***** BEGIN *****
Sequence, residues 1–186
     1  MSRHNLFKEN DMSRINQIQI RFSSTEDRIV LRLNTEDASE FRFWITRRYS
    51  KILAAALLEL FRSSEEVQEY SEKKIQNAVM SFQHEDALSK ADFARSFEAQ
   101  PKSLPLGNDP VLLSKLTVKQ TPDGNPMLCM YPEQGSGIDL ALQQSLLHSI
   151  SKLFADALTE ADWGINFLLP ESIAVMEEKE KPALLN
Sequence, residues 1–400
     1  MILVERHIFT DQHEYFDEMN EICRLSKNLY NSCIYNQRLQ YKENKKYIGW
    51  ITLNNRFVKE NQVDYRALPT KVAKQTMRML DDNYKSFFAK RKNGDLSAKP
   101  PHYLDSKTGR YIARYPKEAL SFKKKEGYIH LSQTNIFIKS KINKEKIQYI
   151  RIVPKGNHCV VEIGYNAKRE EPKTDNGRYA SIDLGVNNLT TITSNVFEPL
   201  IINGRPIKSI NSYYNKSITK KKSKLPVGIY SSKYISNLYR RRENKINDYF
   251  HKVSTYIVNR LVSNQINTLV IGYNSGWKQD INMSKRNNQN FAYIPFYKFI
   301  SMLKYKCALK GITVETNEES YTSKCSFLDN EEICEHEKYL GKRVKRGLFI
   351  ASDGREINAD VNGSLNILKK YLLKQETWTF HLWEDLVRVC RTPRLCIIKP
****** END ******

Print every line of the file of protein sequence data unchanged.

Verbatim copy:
Sequence, residues 1–186
     1  MSRHNLFKEN DMSRINQIQI RFSSTEDRIV LRLNTEDASE FRFWITRRYS
    51  KILAAALLEL FRSSEEVQEY SEKKIQNAVM SFQHEDALSK ADFARSFEAQ
   101  PKSLPLGNDP VLLSKLTVKQ TPDGNPMLCM YPEQGSGIDL ALQQSLLHSI
   151  SKLFADALTE ADWGINFLLP ESIAVMEEKE KPALLN
Sequence, residues 1–400
     1  MILVERHIFT DQHEYFDEMN EICRLSKNLY NSCIYNQRLQ YKENKKYIGW
    51  ITLNNRFVKE NQVDYRALPT KVAKQTMRML DDNYKSFFAK RKNGDLSAKP
   101  PHYLDSKTGR YIARYPKEAL SFKKKEGYIH LSQTNIFIKS KINKEKIQYI
   151  RIVPKGNHCV VEIGYNAKRE EPKTDNGRYA SIDLGVNNLT TITSNVFEPL
   201  IINGRPIKSI NSYYNKSITK KKSKLPVGIY SSKYISNLYR RRENKINDYF
   251  HKVSTYIVNR LVSNQINTLV IGYNSGWKQD INMSKRNNQN FAYIPFYKFI
   301  SMLKYKCALK GITVETNEES YTSKCSFLDN EEICEHEKYL GKRVKRGLFI
   351  ASDGREINAD VNGSLNILKK YLLKQETWTF HLWEDLVRVC RTPRLCIIKP